After much wrinkle-browed thought, we had decided that whatever we were seeking would best be found at Lee Valley Tools. My husband's favourite place on earth.
It is a long-standing family joke that he must go once a month to LVT to pay homage to Thor, the Tool God.
But I digress . . .
We set out.
It was December.
In Edmonton, Alberta, Canada, winter equals snow. Ask anyone.
But avoid those with chattering teeth. Th-th-they c-c-c-can n-n-n-never be t-t-t-trusted.
Or understood.
Where was I? Oh, yes. Winter. Shopping. Setting out.
At first, things went well. A heavy, wet snow was falling thickly, but the window wipers were managing to keep the windshield clear – sort of.
We made it into the city. And immediately slowed to a snail's pace.
Let me describe the scene for those of you not familiar with travel accompanied by snow: All roads are now white. And slippery. All surfaces have become heavily coated in ice. Nothing is recognizable. Little is even visible.
The windshield wipers are your best, and only, friends.
But even they, too, get clogged with snow and need the occasional boost. This is accomplished by stopping. Getting out of the vehicle. And slapping said wiper against the window hard enough to remove any accumulated snow.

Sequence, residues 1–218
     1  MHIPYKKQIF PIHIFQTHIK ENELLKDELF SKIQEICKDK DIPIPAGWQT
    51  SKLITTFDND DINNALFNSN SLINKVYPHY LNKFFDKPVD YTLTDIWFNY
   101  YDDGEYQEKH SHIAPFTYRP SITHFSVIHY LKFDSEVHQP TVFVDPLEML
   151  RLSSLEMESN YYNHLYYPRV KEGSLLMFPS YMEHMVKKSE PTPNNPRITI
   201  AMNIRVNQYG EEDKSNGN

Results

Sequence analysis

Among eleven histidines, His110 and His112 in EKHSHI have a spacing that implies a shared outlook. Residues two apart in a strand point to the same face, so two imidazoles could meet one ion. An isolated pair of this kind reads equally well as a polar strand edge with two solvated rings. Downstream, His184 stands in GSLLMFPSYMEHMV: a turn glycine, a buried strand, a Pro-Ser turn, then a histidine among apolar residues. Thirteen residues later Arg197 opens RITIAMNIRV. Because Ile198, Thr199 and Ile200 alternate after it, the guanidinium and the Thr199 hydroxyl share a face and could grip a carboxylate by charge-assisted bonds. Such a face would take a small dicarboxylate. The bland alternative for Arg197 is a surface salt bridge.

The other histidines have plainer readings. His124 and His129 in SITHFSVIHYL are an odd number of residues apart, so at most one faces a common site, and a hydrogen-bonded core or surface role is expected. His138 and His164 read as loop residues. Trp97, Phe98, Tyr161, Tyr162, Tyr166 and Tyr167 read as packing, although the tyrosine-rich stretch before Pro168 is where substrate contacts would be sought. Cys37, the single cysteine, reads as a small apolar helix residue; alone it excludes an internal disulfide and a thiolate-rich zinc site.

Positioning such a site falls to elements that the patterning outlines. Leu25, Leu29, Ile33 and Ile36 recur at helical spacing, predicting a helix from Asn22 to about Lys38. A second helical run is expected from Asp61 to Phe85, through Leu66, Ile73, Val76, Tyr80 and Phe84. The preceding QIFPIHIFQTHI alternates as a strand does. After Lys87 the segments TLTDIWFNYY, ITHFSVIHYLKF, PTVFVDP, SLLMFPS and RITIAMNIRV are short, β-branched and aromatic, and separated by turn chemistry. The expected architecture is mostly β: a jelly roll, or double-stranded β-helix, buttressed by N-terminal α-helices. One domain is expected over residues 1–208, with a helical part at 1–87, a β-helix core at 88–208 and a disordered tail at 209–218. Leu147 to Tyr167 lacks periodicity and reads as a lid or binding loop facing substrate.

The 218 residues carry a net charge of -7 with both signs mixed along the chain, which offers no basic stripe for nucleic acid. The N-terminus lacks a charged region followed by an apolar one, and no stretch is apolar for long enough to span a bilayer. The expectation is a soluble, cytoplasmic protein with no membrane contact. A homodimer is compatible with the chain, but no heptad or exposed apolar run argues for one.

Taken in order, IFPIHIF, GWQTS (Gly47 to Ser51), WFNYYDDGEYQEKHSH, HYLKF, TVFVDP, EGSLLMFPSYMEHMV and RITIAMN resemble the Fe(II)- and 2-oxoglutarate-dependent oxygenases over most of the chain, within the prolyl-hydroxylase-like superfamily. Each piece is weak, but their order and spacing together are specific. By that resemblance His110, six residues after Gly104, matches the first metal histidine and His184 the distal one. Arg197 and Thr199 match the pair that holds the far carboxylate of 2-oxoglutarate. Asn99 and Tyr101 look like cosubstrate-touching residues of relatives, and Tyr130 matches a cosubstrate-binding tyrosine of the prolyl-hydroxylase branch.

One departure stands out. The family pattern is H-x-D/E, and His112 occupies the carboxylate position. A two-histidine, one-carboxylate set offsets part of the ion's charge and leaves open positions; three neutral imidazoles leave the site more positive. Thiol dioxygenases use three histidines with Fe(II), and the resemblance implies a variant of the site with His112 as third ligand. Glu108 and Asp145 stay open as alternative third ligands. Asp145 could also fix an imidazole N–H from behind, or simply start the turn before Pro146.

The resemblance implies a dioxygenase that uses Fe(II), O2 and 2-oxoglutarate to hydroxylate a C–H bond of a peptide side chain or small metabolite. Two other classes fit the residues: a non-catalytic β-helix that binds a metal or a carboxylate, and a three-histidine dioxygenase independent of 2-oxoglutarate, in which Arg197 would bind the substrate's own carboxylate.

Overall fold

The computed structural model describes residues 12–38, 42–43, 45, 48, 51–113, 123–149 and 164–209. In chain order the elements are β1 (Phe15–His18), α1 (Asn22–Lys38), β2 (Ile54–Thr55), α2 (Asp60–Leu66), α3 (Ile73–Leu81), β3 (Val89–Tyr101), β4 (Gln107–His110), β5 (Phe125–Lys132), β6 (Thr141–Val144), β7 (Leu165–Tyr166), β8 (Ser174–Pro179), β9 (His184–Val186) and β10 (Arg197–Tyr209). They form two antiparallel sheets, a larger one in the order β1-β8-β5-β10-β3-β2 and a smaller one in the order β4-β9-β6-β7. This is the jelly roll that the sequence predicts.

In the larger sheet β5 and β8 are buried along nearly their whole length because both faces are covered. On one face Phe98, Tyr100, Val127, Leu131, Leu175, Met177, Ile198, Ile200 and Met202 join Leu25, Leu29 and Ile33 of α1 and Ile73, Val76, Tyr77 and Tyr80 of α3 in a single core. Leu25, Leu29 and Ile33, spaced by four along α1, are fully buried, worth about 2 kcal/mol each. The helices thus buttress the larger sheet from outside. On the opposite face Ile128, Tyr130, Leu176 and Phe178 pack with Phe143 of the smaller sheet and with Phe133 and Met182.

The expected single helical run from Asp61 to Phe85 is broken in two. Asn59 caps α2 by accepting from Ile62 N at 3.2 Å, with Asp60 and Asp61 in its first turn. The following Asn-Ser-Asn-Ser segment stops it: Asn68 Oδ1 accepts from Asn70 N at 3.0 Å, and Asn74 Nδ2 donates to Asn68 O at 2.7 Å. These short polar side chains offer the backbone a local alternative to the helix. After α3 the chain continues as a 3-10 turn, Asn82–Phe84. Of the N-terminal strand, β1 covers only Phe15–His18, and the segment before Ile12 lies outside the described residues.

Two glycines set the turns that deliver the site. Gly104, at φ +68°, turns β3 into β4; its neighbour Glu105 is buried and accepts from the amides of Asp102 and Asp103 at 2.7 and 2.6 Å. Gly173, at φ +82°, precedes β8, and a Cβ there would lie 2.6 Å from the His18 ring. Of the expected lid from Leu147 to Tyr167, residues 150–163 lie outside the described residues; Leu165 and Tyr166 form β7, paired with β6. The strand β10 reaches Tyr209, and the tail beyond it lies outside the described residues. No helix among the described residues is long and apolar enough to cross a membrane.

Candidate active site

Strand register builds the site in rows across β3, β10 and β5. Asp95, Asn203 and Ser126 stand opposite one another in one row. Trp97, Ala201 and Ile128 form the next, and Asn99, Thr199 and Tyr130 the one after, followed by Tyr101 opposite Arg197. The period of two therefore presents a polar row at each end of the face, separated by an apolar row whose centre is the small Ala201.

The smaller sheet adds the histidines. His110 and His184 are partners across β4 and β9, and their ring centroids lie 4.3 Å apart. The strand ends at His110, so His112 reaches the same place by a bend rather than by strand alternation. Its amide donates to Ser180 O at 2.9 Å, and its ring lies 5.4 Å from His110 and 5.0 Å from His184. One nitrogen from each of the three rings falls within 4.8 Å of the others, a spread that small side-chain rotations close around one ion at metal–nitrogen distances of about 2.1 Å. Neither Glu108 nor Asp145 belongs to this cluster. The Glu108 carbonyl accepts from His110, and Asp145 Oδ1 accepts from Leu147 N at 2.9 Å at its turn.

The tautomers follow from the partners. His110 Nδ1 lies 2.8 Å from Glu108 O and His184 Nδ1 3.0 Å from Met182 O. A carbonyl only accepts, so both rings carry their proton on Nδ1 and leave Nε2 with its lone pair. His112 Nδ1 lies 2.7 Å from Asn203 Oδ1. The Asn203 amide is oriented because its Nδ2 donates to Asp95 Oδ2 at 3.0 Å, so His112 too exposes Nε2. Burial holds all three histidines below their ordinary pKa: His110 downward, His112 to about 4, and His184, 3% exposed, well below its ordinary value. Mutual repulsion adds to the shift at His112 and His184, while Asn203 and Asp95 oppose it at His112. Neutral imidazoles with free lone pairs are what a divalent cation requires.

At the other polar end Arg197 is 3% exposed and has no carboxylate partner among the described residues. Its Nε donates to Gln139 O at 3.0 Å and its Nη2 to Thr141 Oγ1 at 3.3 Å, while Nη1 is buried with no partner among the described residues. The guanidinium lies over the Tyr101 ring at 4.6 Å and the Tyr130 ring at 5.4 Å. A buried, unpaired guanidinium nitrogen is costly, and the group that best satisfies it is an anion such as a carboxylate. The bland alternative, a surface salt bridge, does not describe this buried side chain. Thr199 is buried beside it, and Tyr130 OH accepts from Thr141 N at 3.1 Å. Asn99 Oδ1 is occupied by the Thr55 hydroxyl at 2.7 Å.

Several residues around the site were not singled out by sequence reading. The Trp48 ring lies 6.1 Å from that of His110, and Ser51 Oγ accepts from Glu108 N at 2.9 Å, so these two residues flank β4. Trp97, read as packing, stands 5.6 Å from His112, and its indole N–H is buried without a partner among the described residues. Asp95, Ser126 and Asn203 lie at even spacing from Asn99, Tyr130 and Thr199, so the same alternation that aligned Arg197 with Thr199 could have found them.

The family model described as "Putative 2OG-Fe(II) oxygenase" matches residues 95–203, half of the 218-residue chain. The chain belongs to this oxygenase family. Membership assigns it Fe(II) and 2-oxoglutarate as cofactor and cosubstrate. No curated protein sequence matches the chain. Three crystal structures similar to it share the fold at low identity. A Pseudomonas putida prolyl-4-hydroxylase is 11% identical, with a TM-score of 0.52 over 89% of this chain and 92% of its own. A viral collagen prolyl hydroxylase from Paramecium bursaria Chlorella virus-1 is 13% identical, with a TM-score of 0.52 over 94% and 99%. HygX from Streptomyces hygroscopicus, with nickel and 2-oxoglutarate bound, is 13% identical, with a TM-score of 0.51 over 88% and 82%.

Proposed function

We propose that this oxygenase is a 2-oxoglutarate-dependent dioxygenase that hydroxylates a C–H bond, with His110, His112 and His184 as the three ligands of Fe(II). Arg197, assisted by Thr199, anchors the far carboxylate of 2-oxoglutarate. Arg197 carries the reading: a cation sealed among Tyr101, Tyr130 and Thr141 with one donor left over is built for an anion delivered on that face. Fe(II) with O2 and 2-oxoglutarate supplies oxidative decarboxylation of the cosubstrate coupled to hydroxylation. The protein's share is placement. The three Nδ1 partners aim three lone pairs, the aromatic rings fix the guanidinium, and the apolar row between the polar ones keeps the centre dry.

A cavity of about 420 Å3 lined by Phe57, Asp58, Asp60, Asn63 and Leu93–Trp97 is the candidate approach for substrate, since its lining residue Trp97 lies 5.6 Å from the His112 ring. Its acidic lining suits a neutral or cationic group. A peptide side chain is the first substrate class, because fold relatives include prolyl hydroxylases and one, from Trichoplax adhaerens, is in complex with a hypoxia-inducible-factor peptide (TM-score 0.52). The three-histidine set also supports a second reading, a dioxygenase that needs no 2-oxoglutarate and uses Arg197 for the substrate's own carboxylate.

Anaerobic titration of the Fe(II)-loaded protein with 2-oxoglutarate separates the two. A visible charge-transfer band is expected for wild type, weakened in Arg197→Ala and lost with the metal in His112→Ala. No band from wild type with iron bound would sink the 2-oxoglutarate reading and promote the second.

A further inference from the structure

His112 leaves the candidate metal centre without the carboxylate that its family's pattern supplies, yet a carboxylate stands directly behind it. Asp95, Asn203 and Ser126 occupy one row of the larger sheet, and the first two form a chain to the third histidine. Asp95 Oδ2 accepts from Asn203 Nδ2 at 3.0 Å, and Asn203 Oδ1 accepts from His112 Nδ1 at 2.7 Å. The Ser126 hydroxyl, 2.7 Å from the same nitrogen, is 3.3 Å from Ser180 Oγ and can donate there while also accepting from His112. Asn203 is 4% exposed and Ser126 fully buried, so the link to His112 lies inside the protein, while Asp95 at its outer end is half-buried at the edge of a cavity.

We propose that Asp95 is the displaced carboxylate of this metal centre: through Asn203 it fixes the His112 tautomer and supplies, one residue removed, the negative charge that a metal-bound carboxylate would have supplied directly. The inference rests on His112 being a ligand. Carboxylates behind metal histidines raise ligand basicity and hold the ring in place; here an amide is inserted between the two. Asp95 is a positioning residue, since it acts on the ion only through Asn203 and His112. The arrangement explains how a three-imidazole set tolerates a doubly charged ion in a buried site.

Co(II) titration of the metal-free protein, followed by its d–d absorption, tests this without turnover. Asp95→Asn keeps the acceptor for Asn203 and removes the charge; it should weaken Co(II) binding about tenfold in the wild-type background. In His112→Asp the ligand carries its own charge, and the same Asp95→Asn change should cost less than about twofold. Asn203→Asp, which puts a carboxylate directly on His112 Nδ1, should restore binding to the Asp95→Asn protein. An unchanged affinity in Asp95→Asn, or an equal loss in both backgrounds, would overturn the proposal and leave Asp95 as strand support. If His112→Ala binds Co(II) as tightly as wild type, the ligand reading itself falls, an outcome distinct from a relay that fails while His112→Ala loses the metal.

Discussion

Or, if you are my husband, by opening the driver's window and catching the wiper when it is in its furthest upright position and giving it a quick snap while it is still in motion.
It's all about timing. And coordination.
Neither of which I have.
And both of which were to be needed shortly.
Several times, I pulled out of the crawling traffic and performed the necessary operation to clear the windshield. Then waited for a break in the traffic and pulled back in. Total time wasted? Hours.
Okay, well, it seemed like hours.
There must be a better way. I would try Grant's method!
When the traffic had stopped for yet another light, or stalled vehicle, I quickly rolled down the window. Then I reached out.
I waited for just the right moment, when the wipers were at their apex (neat word, right?)
Closer. Closer. There!
I reached out and caught the top of the wiper.
Snap! Okay, that didn't sound good.
As the wipers began their downward stroke, I realized what I had done. The blade was still in my hand.
I had snapped the entire thing off its arm.
Umm . . . oops?
The window quickly became covered in a blanket of white. Well, half of it at any rate.
Unfortunately, it was the driver's half. Rather necessary if you want to see where you are going.
And usually, the driver does.
Something needed to be done. And there was no one but me to do it.
Quickly, I climbed out and switched my only remaining wiper blade to the driver's side. Okay. Now I could see. That's important.
But now, the other side of the windshield was suffering from the lack of wiper-age.